Later this month, Thailand is due to hold general elections. One of the Parties, the Bhumjaithai Party has, as part of its platform, promised to ‘liberalise’ the cultivation of cannabis plants.  Speaking at an INCB seminar in Bangkok, the Board’s President Dr Viroj Sumyai remarked that this would be ‘a very difficult promise to realise’. He then went considerably further, addressing the audience of government officials in alarming terms: ‘If Thailand wants to liberalise the cultivation of cannabis, it must leave the 1961 Single Convention on Narcotic Drugs, and will stand to lose many benefits involving the trade and import of medicines’.

It is curious that Dr Sumyai has chosen to speak in such strident terms to a member state of the CND. Dr Sumyai is himself of Thai nationality, and perhaps he feels this gives him the right to enter the political fray. However, it is not as though the Thai state has announced that it will adopt liberal measures with regard to cannabis cultivation; this was merely an election promise, and it is not unknown for such a form of public discourse to fail to materialise. Whatever – the most important issue here is whether Dr Sumyai’s threat is realistic. Would Thailand really be forced to leave the international drug control conventions, and would the Thai population be compelled by the Board to go without medicines?

The INCB President appears to be making a veiled reference to Article 14 of the Single Convention. Entitled ‘Measures by the Board to ensure the execution of provisions of the treaties’, this article spells out the measures that can be taken in the case of a Party to the treaty seriously threatening the aims of the Convention by its failure to carry out its provisions.

Article 14 states that, if ‘the Board has objective reasons to believe that the aims of this Convention are being seriously endangered by reason of the failure of any Party, country or territory to carry out the provisions of this Convention, the Board shall have the right to propose to the Government concerned the opening of consultations or to request it to furnish explanations.’ 

Subsequently, ‘the Board, if satisfied that it is necessary to do so, may call upon the Government concerned to adopt such remedial measures as shall seem under the circumstances to be necessary for the execution of the provisions of this Convention.’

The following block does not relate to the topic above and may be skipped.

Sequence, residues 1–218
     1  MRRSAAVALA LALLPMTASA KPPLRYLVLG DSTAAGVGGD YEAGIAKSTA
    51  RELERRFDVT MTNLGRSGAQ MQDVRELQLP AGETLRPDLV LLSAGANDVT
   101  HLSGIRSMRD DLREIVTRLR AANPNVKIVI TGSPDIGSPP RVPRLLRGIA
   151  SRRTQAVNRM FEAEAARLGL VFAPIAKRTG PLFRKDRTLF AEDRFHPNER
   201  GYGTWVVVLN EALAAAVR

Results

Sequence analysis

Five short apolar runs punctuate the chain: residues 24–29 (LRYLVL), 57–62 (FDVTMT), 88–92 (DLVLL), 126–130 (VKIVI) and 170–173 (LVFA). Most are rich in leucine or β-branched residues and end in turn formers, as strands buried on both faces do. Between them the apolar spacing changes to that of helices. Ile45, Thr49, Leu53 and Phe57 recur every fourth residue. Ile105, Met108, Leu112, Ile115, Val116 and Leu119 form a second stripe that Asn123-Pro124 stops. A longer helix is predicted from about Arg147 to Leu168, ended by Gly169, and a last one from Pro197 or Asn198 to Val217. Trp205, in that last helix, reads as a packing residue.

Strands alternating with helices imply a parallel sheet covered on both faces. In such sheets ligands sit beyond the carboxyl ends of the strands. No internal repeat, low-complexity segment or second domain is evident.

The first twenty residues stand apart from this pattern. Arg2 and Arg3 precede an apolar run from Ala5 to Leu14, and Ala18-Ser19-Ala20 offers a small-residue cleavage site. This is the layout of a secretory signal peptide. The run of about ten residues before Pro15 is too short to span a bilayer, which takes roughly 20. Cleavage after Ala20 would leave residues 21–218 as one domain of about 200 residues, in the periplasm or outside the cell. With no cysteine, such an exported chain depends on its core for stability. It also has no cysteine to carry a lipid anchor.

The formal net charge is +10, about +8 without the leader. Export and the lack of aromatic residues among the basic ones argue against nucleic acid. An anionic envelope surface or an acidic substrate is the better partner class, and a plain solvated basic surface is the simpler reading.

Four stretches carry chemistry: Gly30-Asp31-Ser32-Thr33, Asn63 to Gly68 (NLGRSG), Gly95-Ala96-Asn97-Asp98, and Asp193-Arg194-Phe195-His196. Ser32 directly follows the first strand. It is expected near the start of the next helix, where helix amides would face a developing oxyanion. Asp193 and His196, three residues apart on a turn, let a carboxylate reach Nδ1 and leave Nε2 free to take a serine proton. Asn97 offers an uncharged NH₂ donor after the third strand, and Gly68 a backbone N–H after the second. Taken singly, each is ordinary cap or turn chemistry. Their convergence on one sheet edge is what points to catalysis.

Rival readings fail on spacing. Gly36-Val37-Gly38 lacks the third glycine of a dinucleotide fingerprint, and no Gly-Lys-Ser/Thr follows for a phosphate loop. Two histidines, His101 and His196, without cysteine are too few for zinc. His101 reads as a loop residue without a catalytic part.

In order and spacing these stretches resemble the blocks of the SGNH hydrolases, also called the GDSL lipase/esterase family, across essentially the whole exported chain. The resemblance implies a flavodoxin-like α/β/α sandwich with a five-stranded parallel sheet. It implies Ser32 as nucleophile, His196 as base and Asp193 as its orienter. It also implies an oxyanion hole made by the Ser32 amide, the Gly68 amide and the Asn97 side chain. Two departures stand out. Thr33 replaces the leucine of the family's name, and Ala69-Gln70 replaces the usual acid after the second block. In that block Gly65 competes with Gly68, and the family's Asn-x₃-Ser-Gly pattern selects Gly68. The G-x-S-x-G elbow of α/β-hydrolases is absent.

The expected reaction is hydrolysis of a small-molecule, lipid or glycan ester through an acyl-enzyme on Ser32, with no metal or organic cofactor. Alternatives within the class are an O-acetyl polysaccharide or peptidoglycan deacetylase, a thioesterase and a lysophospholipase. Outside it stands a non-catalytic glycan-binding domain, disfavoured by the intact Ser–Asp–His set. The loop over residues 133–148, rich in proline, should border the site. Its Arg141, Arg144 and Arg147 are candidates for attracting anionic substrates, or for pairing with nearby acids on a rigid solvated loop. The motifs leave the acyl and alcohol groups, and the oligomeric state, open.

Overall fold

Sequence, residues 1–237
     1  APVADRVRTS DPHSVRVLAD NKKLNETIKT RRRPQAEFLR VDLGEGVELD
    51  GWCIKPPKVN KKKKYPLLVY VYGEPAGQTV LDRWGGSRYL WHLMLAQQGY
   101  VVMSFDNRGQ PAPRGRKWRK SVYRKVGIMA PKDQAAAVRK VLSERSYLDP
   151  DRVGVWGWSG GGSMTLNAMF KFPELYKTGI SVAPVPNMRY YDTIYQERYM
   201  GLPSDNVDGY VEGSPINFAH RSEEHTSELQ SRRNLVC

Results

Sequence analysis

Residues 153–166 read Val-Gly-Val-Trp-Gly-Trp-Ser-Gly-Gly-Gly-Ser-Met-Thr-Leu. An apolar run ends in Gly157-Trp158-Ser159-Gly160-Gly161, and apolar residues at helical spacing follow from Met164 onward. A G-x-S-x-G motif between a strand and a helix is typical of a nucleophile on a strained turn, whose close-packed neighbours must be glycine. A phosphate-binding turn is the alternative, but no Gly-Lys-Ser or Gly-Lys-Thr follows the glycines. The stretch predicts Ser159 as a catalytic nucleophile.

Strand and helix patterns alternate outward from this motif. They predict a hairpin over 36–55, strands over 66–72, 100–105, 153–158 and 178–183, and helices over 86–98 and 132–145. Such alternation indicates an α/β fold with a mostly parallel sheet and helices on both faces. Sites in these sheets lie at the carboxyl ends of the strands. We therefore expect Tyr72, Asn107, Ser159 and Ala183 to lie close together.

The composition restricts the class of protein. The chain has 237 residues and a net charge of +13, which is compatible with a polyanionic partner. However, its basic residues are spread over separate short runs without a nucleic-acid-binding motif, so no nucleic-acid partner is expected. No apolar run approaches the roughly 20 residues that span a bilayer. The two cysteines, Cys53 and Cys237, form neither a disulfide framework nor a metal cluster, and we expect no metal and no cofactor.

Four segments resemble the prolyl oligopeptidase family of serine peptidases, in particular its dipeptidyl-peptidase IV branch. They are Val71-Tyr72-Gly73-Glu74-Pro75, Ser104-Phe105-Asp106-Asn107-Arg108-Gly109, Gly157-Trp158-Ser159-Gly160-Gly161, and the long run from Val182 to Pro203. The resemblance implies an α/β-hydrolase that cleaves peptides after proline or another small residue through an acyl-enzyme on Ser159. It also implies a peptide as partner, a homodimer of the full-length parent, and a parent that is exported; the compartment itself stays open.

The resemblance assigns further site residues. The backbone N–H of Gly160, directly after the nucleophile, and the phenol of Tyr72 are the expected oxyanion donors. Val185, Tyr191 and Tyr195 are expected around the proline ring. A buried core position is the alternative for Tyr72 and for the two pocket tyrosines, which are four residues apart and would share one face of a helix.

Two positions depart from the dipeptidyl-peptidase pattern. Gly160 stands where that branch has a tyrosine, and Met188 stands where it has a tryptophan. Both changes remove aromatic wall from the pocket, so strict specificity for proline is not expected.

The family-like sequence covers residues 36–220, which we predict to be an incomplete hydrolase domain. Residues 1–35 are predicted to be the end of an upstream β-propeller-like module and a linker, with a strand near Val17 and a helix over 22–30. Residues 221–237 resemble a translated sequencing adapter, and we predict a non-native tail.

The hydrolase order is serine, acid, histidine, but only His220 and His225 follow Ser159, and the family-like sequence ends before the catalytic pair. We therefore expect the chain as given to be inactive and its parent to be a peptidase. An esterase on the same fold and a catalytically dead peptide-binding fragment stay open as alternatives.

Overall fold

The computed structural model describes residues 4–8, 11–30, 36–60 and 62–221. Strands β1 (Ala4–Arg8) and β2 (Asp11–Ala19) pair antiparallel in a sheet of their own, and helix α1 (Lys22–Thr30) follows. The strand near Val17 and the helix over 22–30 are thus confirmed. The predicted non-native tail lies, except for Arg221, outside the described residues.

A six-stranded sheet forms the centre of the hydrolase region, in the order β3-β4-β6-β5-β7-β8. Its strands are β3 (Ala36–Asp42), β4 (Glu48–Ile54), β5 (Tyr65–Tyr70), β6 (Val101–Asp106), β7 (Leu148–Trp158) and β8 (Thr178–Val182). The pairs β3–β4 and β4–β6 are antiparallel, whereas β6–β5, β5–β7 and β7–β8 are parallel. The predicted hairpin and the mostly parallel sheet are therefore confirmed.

The Board can also call upon the country to carry out a study of the problem. All of the Board’s interventions, it should be noted, must be carried out respectfully, and in a spirit of consultation. The Board does not have the right to threaten and bully the country in question. If consultations do not work, and the country does not take ‘remedial measures’, the INCB can take the matter to the members states, to CND and ECOSOC.

This where the Board can, on the face of it, bring out its big guns. Article 14 para. 2 states –

‘The Board, when calling the attention of the Parties, the Council and the Commission to a matter… may, if it is satisfied that such a course is necessary, recommend to Parties that they stop the import of drugs, the export of drugs, or both, from or to the country or territory concerned, either for a designated period or until the Board shall be satisfied as to the situation in that country or territory.’

Here, the Single Convention is really showing its age. Consider, how would the Human Rights treaty bodies, and many member states, react to the prospect of a population being deprived of essential medicines? If the Board tried to do this, it would widely, and rightly, be considered an outrage. Moreover, the INCB has no powers to directly impose such measures: all it could do would be to recommend that member states stop the export of controlled drugs to Thailand.

In practical terms then, regardless of the outdated provisions of the Single Convention, such measures could not be implemented.

On a final note, a couple of points should be recognised. Article 14 is only invoked in emergency conditions. The last time was in the case of Afghanistan; the Board invoked Article 14 in 2000, and it is still in place. Meanwhile, record production of opium and heroin continues in Afghanistan, despite the INCB’s consultations with the country’s governments, including both the Taleban and the notoriously corrupt Karzai government. A huge producer of heroin and cannabis, Afghanistan is also one of the poorest countries in the world, and was never threatened with the denial of imports of controlled medicines.

All of which makes Dr Sumyai response to an election promise rather disproportionate.